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Configure and Run Query
  • 13 Jan 2021
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Configure and Run Query

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Video Walkthrough

Overview: What are we Doing?

In this walkthrough we will configure a chart that uses the datasource that we connected: public.netflix_titles

As a recap, this data contains information from 2017 to the present about movies and TV shows featured on the Netflix platform. We'll continue where we last left off (Create a Chart) by configuring and displaying a chart.


Today we will create a Sunburst chart that shows the different types of programs on Netflix and how they break down in terms of their ratings

So let's dive in!

Step 1: Check the Datasource and Chart Type

Have a look at the Datasource & Chart Type panel to make sure that everything is the way you like it. In this walkthrough we're going to start with the following settings:

  • Datasource: public.netflix_titles
  • Visualization Type: Sunburst Chart

If you need to change anything, just select the dark grey field and make a new selection.

Curious what's in your data? Select the small plus icon next to the datasource to see the available columns and metrics. Here's what the icons mean:

  • Clock: The datasource's time column (used below)
  • ABC: Text data
  • #: Numeric value data
  • ƒ: Function used for metrics


Step 2: Define the Time Settings

On the left side of your scren there is a panel called Time. This area is used to select the time-related data element (Time Column field) within your datasource and a time range. In some charts you will also be asked to select a time granularity.

Time Column Field

The chart we'll be creating today is fairly straightforward. You'll notice that the Time Column field is already populated with the datasource's time-related option, which is date_added (the column with the clock icon above). So there is no need to do anything here.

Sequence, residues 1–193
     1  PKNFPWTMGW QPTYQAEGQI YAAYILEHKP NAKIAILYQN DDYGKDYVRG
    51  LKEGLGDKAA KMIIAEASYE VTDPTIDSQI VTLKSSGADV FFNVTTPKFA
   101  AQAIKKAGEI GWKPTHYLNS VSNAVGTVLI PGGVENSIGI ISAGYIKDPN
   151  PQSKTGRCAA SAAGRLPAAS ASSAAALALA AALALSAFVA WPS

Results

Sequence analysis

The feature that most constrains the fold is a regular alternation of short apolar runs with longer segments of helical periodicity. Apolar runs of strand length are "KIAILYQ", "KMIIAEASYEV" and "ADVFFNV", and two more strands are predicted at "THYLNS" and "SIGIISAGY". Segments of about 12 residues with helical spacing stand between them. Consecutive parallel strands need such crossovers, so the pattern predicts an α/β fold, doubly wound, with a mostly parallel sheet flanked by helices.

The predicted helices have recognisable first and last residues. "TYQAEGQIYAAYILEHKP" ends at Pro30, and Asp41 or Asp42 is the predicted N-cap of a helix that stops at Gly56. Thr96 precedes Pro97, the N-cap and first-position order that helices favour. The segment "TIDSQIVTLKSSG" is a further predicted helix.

Time Range Field

The Time Range field is used to specify date ranges from which data will be extracted from the datasource. In many instances you may only want to look at information from last week, the last day, or a custom date range. If you'd like to include ALL of the data from the datasource without filtering by time, then select No filter.

You'll notice in the graphic below we select No filter — this datasource includes about 2 years worth of Netflix data, which is a good sampling to use for our purposes.


Step 3: Define the Query

What data do we want to include in the chart? That's the purpose of the Query panel!

Remember when we expanded the datasource in Step #1 to see what was inside? Well, here's a rundown of what each data element is:

  • cast: Leading actor;
  • country: Country of production;
  • date_added: Date when the title was added to Netflix;
  • description: A description of the movie or TV show;
  • director: The director of the program;
  • duration: If a TV show, then the number of seasons. If not a TV show, then the number of minutes;
  • listed_in: The category of the program (kids, horror, etc.);
  • rating: The rating of the program (PG, PG13, R, etc.);
  • release_year: The year when the program was released;
  • show_id: A unique ID number assigned to each program;
  • title: The name of the program;
  • type: Whether the program is a TV show or a movie; and,
  • COUNT: The default metric that simply provides the current number of a configured chart (50 titles, 6 titles, etc.).